I have been approached recently by a couple of our landlords asking if I thought they should incorporate their property portfolio (put it into a limited business) to avoid paying additional tax. They had read articles in the press that suggested that this is what most landlords are now doing.

Many landlords will have been affected by recent tax changes, and more are likely to be affected in the future, so this is a legitimate question – but is incorporation really the best solution for everyone? Not being a tax adviser myself, I contacted my own accountant Richard Reeves, of Morgan Hemp Accountants, Swansea, to discuss the pit-falls.

What are the New Tax Changes for Landlords?

  • End of the Wear and Tear allowance (furnished properties previously benefitted from a 10% tax allowance)
  • Restricted tax relief on the interest/charges element of buy-to-let mortgages (tax will be due on the interest element of a buy-to-let mortgage)

You can read about both tax changes in more detail in my blog article by clicking here.

Unintended Consequences

Richard explains, “While the measure only affects higher and additional rate taxpayers, this bracket includes a significant amount of landlords. The new legislation will result in more landlords being pushed into higher rates of tax due to the way the relief on mortgage interest will now be calculated under the new legislation. This measure also affects those residential landlords who are more highly geared i.e. with a medium to high percentage of mortgages/loans.” Below is an example of how the change would affect a landlord with a £40,000 per annum employment and a rental portfolio which is highly geared:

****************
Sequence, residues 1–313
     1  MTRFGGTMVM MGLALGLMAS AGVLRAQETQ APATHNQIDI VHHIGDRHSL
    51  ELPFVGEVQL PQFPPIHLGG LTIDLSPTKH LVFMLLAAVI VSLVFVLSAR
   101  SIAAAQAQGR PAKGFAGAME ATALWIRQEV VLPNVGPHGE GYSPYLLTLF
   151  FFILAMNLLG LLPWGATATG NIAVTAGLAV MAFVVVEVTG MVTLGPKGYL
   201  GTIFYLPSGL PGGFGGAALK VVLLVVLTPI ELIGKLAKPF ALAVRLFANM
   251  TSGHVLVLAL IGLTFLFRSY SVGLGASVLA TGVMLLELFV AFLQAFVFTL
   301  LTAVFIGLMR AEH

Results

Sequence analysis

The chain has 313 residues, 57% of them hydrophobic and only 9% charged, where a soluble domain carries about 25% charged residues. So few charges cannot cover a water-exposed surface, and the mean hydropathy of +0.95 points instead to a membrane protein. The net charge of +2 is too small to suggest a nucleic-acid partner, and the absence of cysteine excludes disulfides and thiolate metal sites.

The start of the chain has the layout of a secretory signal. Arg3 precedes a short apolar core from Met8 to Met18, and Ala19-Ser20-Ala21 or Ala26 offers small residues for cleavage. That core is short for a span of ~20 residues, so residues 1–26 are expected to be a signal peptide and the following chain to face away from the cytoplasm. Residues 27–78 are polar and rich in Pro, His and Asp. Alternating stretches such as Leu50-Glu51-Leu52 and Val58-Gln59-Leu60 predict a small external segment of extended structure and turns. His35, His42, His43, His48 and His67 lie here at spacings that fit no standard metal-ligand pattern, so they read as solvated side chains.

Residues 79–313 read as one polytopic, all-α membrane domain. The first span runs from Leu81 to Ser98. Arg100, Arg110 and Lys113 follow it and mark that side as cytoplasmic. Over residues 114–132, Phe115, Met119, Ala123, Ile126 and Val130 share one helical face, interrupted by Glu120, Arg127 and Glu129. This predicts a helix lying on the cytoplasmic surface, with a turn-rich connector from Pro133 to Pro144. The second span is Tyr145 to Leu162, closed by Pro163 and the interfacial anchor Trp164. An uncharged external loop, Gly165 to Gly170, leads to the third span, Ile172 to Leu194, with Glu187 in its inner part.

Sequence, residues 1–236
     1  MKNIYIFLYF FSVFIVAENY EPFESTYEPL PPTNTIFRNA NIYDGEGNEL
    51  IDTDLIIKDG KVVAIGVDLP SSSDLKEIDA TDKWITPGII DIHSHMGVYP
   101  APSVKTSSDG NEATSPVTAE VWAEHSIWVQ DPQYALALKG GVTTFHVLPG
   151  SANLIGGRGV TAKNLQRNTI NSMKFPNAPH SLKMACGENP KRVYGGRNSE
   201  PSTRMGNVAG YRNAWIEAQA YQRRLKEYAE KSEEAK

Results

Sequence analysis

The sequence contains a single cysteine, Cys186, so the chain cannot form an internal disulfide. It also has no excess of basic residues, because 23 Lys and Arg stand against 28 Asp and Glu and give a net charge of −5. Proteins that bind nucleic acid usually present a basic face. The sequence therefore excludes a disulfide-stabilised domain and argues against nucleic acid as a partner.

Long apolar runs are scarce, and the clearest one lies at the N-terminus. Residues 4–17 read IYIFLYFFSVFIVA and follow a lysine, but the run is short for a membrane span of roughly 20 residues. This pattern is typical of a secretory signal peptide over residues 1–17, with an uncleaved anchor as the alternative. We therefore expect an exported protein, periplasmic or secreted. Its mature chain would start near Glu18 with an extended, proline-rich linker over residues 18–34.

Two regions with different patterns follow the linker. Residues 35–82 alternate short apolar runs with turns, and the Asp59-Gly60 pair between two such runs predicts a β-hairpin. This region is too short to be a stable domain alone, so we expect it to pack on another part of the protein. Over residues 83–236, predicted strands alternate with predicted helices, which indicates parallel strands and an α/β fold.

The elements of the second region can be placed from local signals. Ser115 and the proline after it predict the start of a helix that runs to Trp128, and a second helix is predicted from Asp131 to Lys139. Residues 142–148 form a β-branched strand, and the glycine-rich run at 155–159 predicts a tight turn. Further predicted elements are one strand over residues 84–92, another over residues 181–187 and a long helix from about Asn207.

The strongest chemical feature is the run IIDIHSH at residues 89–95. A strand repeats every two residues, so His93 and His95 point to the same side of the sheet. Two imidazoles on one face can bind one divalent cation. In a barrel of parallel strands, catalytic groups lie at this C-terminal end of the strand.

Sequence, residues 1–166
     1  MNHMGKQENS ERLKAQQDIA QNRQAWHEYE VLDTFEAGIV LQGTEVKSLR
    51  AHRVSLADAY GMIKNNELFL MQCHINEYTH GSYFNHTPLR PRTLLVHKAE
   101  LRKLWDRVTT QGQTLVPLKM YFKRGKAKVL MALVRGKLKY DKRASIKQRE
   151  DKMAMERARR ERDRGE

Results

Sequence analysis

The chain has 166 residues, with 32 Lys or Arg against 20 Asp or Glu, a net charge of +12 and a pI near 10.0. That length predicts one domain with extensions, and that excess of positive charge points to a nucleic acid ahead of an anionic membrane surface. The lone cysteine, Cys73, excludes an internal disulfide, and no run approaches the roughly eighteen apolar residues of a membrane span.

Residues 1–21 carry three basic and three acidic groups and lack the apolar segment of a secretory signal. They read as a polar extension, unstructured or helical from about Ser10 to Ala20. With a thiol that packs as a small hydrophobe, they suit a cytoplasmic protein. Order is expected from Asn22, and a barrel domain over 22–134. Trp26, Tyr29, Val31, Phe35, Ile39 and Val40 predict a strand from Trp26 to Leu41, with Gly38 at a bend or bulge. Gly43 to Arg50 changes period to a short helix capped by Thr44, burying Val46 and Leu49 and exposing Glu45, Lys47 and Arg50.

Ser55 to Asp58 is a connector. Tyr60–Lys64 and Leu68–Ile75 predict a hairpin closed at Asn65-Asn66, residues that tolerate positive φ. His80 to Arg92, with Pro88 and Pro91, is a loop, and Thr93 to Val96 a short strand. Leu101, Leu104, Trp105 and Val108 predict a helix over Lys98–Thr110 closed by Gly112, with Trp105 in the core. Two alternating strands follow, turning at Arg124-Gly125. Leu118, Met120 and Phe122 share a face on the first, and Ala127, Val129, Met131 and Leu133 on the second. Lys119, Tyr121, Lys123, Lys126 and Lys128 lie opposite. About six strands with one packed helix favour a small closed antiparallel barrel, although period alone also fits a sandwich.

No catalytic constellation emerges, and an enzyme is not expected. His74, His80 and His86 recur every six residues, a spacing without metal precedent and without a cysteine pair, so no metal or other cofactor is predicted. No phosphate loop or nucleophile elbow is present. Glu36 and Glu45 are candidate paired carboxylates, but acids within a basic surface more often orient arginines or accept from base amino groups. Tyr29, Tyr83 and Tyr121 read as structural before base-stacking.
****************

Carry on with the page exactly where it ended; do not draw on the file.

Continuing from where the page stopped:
Before Changes (2016/2017) After Changes (2020/2021)
Employment Income 40,000 40,000
Gross Rents Received 100,000 100,000
Other Rental Costs 20,000 20,000
Loan Interest 70,000 70,000
Taxable Rental Profit 10,000 70,000
Gross Taxable Income 50,000 120,000
Personal Allowance 11,000 nil
Tax Due, Basic Rate @ 20% 6,400 6,4000
Tax Due, Higher Rate @40% 2,800 35,200
Total 9,200 41,600
Less Interest Relief @20% nil 14,000
Next Tax Liability 9,200 27,600

The underlying rental profit is unchanged at £10,000, but the tax payable increases by £18,400. £4,400 of this increase is due to loss of the tax free Personal Allowance as, in this example, the taxable income is now £120,000 rather than £50,000.

Other Consequences

There are other potential tax consequences as a result of the change in legislation:

  • The High Income Child Benefit Tax Charge may have to be paid if the taxpayer is in receipt of Child Benefit and taxable income exceeds £50,000.
  • Student Loans repayments will increase as a result of the increase in taxable income.

What is the appeal of incorporating, and what are the risks?

The legislation changes only affect individuals and not limited companies (this is where all the excitement to incorporate property portfolios has come from). Limited company landlords can subtract mortgage interest costs from their rental income before calculating their corporate tax. This option is certainly attractive for higher rate tax payers with a large portfolio and big mortgages. However, this option needs to be considered very carefully. Some not-so-obvious issues and pit-falls to consider are: